As at least one Republican begins laying groundwork for a challenge against U.S. Sen. Debbie Stabenow in the 2018 election, the two-term incumbent says she’s not planning to actively campaign for the time being.
“Right now I’m just doing my job,” Stabenow said during an interview with MLive at the Mackinac Policy Conference last week. “I have always believed, as someone who’s lived in Michigan my whole life, that the best thing I can do is go to work every day and fight for Michigan.”
Stabenow, who was first elected to the U.S. Senate in 2000 after defeating Republican Spencer Abraham and easily won two subsequent reelection efforts, is seeking reelection to her seat in November 2018.
Recent campaign finance data from the Federal Election Commission shows Stabenow has $4.3 million of cash on hand in her campaign fund $1.3 million of which was raised in 2017.
Speculation has swirled around who might seek to challenge Stabenow in 2018 on the Republican ticket. The first to publicly make a decision was Lena Epstein, a former Trump campaign co-chair in Michigan who used the Mackinac Policy Conference to up her profile and begin fundraising efforts.
Epstein, a 35-year-old Bloomfield Hills resident and co-owner of Vesco Oil Co., released a three-part economic policy plan at the conference – implementing a one-time 5 percent tax on U.S. companies operating overseas, setting the corporate income tax at 15 percent for all businesses and cutting personal income taxes by at least 10 percent for all income brackets.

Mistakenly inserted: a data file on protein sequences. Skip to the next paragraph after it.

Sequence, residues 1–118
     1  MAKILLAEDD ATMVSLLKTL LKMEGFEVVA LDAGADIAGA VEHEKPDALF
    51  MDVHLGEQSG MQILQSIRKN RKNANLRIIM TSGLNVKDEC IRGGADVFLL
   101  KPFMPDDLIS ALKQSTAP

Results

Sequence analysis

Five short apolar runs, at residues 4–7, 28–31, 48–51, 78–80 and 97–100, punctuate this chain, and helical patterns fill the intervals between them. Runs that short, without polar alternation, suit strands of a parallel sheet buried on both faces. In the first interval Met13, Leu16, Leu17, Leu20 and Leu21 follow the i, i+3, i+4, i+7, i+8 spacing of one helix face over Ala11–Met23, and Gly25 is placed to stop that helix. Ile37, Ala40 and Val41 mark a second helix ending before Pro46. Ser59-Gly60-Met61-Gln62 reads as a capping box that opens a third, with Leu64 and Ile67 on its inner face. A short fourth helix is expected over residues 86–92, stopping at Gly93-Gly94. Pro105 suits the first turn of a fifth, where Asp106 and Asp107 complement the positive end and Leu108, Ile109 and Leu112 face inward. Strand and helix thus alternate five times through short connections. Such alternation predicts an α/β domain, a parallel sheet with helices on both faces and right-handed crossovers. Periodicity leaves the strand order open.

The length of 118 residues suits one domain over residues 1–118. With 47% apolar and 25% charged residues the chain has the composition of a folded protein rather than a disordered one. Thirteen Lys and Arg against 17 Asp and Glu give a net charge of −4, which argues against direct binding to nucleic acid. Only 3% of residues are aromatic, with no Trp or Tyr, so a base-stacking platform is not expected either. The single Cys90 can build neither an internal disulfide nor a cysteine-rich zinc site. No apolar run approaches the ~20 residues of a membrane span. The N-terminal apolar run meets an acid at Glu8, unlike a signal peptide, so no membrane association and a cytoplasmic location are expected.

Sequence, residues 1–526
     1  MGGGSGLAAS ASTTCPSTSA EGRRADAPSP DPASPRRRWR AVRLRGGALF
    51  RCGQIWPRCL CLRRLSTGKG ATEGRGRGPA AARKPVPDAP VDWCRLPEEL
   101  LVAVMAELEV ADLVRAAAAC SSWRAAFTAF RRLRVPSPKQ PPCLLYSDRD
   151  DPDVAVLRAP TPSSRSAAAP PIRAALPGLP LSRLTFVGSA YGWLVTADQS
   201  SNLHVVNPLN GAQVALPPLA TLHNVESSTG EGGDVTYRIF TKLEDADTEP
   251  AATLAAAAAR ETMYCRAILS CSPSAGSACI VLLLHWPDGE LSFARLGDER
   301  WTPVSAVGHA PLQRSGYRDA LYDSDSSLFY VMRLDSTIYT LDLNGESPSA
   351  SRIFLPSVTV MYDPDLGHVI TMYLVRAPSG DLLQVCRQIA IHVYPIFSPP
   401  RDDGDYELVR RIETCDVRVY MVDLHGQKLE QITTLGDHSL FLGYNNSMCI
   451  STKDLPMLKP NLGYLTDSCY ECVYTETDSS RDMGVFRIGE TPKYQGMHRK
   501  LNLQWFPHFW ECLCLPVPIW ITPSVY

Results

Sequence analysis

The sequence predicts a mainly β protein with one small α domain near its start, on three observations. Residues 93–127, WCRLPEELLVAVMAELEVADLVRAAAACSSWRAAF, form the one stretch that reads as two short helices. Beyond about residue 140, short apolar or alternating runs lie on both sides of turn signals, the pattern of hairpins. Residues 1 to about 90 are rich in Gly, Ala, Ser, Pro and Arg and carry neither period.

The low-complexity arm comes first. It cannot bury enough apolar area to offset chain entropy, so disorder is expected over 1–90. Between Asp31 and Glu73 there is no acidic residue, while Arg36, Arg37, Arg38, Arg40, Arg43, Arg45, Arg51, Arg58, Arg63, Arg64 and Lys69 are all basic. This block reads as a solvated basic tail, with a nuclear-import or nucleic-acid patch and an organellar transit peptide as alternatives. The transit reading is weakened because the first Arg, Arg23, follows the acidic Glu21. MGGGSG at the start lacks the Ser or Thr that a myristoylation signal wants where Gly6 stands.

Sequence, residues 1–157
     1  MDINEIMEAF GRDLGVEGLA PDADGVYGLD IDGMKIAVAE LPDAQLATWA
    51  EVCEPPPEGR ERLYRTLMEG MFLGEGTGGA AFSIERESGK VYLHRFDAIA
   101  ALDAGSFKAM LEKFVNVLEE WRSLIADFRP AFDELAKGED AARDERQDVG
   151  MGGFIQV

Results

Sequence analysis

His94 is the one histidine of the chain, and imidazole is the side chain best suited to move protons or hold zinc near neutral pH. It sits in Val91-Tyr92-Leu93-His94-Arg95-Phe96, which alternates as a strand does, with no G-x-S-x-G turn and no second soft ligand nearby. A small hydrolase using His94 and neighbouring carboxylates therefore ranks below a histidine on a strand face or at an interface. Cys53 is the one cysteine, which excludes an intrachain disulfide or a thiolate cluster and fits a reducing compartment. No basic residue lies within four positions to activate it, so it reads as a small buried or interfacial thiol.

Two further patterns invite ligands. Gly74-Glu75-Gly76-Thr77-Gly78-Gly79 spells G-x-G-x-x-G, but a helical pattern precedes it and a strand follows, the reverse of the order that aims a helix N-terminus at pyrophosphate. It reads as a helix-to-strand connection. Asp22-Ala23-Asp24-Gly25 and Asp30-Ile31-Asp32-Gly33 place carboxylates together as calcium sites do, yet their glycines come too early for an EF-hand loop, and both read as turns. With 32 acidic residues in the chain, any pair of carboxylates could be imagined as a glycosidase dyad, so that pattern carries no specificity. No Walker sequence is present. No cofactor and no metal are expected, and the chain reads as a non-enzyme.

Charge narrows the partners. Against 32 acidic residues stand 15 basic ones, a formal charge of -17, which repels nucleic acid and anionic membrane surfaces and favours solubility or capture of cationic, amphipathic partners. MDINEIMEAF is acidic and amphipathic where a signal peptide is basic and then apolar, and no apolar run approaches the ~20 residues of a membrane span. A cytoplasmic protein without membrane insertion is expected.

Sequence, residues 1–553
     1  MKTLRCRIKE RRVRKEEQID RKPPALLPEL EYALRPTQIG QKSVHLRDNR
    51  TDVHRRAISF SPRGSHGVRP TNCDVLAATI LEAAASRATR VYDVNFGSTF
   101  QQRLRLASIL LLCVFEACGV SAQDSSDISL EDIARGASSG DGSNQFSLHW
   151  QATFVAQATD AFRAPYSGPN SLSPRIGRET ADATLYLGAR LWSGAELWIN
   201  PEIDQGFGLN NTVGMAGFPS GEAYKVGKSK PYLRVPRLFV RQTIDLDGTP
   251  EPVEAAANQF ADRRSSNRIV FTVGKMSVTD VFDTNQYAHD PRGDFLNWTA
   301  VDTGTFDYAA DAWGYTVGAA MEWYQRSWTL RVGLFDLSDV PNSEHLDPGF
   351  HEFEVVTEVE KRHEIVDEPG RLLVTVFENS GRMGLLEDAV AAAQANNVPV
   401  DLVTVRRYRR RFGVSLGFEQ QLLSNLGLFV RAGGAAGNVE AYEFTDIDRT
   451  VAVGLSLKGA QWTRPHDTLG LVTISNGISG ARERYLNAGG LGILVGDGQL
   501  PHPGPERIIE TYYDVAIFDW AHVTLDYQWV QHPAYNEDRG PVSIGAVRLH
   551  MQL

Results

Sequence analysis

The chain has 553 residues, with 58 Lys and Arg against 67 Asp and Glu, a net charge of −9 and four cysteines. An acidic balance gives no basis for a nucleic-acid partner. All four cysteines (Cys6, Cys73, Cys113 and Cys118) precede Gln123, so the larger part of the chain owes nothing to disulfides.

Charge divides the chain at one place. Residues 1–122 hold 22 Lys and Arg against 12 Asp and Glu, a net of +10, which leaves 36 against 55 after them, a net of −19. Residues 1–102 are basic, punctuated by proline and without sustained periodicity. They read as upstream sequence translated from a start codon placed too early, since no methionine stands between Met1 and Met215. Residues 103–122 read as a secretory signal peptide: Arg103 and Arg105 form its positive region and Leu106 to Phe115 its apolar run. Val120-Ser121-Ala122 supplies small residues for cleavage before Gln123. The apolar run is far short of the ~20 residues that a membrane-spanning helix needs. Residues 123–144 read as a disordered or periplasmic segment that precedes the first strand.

Epstein said she decided to run because the 2016 election made it clear that Americans “no longer want politics as usual.” She said her campaign has kicked off a nationwide fundraising effort, and she’s also working to make introductions and inroads throughout the state.
“Today, I am the Republican Party’s sole candidate for U.S. Senate,” she saidin a Thursday interview. “We’ve been strong in our efforts out of the box, and we have an exciting 17 months ahead of us.”
Other Republicans are reportedly still considering or being courted to run in the race. Crain’s reports a group of Republicans are working to recruit Detroit businessman John James for the race, and others, including former state Supreme Court Justice Bob Young, have shown interest.
An early name thrown into the mix was U.S. Rep. Fred Upton, R-St. Joseph, who has said he’s flattered about the speculation but doesn’t have a timetable for making a decision on 2018.
Stabenow said she’ll focus more on the campaign next year, once she has a formal opponent and the election date gets closer. Until then, she said she’s keeping herself busy with work on the next farm bill, fighting for funding for the Great Lakes Restoration Initiative in the federal budget and working on health care policy in the Senate.
Following the results of the 2016 election, Stabenow said people are getting engaged “in a way that I haven’t seen in a long, long time” and expressed confidence that political activism would continue into the 2018 cycle.
“I think we will see a very different group of people showing up in 2018, and people who are much more activated,” she said. “Now they’re realizing they have to be involved.”